Speaking As An Egg

Last week I began sharing with you some insights that I believe the Lord gave me to understand how we can reconcile so much suffering in our World with the knowledge that He is a good God who is Love. I shared with you a time when I had asked the Lord if life really had to involve so much pain. He told me that my problem was that I think of Him as having finished His creation when in fact He is still in the process of completing His creation. He used the creative process that I was involved in to help me understand.
broken egg

Here is a little parable that I wrote to try to wrap my mind around the concepts that He had revealed to me:

Once there was a baker who desired to bake a cake. He took the eggs, cracked them into his bowl. He measured out the flour and sugar and shortening and all the other ingredients. He sifted to remove impurities and improve the texture. He beat and mixed until none of the ingredients were recognizable. Then he poured the batter into his pans and baked them in the oven. The results of his efforts were wonderful. Everyone appreciated the final outcome. To all who saw it, it was delightful.

Ahhhh, but to the egg. . . now that was a different matter. The egg was not at all impressed. The egg had not only suffered the cracking, a miserable experience, but his shell had been ripped away entirely. He had laid there vulnerable and exposed. And then it happened. There was no mercy extended to the poor little egg. The worst thing that could happen–did happen. He was beaten and whipped and forced to accept the other ingredients until his own identity was totally destroyed. To the egg the baker’s creation was calamity. It was personal destruction. The egg couldn’t see the grand thing he had been privileged to be part of.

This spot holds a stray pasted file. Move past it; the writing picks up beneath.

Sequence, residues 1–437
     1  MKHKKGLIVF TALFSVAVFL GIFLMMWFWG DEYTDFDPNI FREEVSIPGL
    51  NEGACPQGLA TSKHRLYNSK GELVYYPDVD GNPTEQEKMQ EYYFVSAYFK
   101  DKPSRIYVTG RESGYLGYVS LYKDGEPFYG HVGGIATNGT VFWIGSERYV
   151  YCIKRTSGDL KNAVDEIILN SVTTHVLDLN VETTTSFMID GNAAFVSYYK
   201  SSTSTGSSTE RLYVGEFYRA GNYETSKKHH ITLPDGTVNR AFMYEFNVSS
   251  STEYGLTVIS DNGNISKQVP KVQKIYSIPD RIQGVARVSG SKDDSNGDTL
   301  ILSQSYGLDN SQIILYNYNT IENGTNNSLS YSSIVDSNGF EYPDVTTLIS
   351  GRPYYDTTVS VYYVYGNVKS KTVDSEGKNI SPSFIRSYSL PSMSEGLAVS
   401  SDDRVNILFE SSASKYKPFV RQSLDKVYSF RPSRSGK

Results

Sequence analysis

The Lord showed me that we are like that little egg. We think that His goal should be to protect our egg-ness. Keep us cool and comfortably nestled safely in our little container with all the others that are just like us. Most of our prayers are designed to remind Him of the needs of our egg-ness, of the importance of our wholeness. It is inconceivable that the Baker could have a goal that requires us to totally give up ourselves. But when you think about it, an egg isn’t really good for much of anything until it is broken or at least fertilized by the rooster.

I suppose our little analogy might be even more effective if we imagined that the Baker were to ask the carton of eggs, which of them wanted to be used by Him, if He were to allow them to choose Him and His purposes. But I think that those of us who do choose Him don’t really understand what is going to be expected of us. After all, how much can you expect out of an egg.

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